An abnormal electrocardiogram is common in this syndrome, being pulmonary stenosis the most common structural defect. Axis deviation is the most reported abnormality. Other frequent alterations include P-R interval prolongation, isolated ectopic ventricular beat, widening of the QRS complex, abnormal P wave, T wave inversion, left anterior branch block and total ventricular block.5 Prognosis of the syndrome depends essentially on cardiac alterations.

Hypertelorism is not as common as the other features of the syndrome. However, strabismus and nistagmus have been reported with some frequency.2 Genitourinary alterations are more common among males, cryptorchidia being the most commonly reported manifestation.5 In women, ovary hypoplasia is usually found, or, if there is a sinlge ovary, early puberty and late menopause occur. Growth retardation is a common characteristic, most patients being classified bellow the 25 percentile for both weight and height.

The patient whose case is reported here presented multiple lentiginous lesions, electrocardiogram repolarization abnormalities, hypertelorism and ocular strabismus, pubertal retardation with absence of left ovary, growth retardation and, up to the present date, absence of neurosensorial hearing loss.3 Of all characteristics of the syndrome, hearing loss is the least often found. It is classically of the neurosensorial type, and usually diagnosed during childhood, albeit it can develop later.

Leopard syndrome is manifested in a dominant autosomal pattern, with high penetrance and variable expressivity. It is rare, with approximately 100 cases described up to 2006. It affects both genders alike. Pathogenesis is still unknown, although a gene PTPN11 (Shp2) mutation occurs in 90% of the cases.4,6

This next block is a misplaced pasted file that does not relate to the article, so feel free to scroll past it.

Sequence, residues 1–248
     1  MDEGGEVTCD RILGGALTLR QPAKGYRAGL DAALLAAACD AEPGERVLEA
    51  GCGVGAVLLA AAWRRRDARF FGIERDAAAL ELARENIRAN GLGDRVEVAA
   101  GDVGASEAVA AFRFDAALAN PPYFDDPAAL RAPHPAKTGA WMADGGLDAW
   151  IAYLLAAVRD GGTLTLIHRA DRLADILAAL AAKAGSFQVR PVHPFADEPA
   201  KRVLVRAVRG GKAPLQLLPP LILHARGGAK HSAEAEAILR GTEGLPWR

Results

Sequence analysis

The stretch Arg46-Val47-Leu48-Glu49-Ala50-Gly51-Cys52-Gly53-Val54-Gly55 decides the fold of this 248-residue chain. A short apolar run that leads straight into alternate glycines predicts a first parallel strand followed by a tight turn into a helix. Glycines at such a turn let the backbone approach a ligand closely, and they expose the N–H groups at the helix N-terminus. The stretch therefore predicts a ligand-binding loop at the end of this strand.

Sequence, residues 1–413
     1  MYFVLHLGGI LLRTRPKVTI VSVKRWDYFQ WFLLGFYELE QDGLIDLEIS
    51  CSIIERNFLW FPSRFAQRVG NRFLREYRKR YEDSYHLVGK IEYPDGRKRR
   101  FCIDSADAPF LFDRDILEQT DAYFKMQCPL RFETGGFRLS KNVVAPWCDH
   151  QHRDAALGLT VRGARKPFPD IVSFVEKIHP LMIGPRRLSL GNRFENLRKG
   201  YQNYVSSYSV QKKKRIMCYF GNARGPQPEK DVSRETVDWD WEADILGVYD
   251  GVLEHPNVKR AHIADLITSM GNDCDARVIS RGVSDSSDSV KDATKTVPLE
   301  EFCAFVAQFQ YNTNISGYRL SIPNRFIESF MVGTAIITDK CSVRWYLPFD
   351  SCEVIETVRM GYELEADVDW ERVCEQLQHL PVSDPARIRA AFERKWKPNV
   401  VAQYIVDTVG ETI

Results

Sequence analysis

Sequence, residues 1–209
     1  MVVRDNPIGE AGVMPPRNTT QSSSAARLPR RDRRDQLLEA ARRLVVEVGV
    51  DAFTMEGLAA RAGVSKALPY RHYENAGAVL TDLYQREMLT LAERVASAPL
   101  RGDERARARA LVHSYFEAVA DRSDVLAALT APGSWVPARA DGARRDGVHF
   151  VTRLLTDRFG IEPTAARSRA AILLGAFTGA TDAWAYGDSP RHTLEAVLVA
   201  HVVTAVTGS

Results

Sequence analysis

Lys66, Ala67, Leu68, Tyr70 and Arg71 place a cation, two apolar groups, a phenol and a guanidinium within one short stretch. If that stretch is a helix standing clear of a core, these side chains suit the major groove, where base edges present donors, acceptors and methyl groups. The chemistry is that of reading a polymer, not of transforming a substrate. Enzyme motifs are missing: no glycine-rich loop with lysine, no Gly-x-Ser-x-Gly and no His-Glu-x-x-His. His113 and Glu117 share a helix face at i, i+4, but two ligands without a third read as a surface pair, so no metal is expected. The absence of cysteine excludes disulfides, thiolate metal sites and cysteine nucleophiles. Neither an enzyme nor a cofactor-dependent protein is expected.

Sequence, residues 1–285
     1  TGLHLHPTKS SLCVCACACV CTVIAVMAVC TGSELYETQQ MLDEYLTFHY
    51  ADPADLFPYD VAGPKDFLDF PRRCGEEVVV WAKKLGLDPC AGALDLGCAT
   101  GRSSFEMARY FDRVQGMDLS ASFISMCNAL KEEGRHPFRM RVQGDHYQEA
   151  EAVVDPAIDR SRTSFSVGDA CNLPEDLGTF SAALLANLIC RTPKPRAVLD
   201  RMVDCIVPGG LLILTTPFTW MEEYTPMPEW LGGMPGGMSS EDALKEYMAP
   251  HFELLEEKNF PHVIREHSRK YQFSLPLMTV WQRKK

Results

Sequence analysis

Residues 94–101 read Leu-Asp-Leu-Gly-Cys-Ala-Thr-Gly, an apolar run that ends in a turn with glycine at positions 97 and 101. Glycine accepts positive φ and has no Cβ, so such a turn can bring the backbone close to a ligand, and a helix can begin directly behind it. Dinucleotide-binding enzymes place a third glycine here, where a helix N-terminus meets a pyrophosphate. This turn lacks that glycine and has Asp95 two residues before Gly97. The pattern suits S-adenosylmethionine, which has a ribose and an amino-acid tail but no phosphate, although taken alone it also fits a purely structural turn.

Although rare, leopard syndrome should always be remembered in patients with multiple lentiginous lesions and cardiac alterations. Thorough physical examination and systemic investigation are crucial. Neurosensorial hearing alterations may develop late in the course of the disease, but should be periodically monitored during childhood and adolescence, for a late diagnosis can harm the child's neuropsychomotor development and thus learning.



1. Pickering D, Laski B, Macmillan DC, Rose V. “Little Leopard” syndrome. Description of 3 cases and review of 24. Arch Dis Child. 1971;46:85-90.         [ Links ]

2. Agha A, Hashimoto K. Multiple lentigines (LEOPARD) syndrome with Chiara I malformation. J Dermatol. 1995;22:520-3.        [ Links ]

3. Ribeiro AP, Romiti R, Machado MCR, Belda W, Oliveira ZNP. Leopard syndrome. Eur J Pediatr Dermatol. 1997;7:163-6.        [ Links ]

4. Sarkozy A, Conti E, Digilio MC, Marino B, Morini E, Pacileo G, et al. Clinical and molecular analysis of 30 patients with multiple lentigines LEOPARD syndrome. J Med Genet. 2004;41:68.        [ Links ]

5. David A, Voron MD, Hayes H, Hatfield MD, Ronald K, Kalkhoff MD. Multiple lentigines Syndrome: case report and review of the literature. Am J Med. 1976;60:447-55.        [ Links ]

6. Kontaridis MI, Swanson KD, David FS, Barford D, Neel BG. PTPN11 (Shp2) mutations in LEOPARD syndrome have dominant negative, not activating, effects. J Biol Chem. 2006;281:6785-92.         [ Links ]



Mailing address
Ricardo Romiti
Rua Dr. Neto de Araújo, 320 cj. 1004
CEP: 04111 001 São Paulo SP
Tel: 011-55492211

Conflict of interests: None.

Received on Nov. 20 of 2006.
Approved by the Consultive Council and accepted for publication on Nov. 29 of 2006.



* Work done at Department of Dermatology, University of São Paulo Medical School University Hospital - São Paulo (SP), Brazil.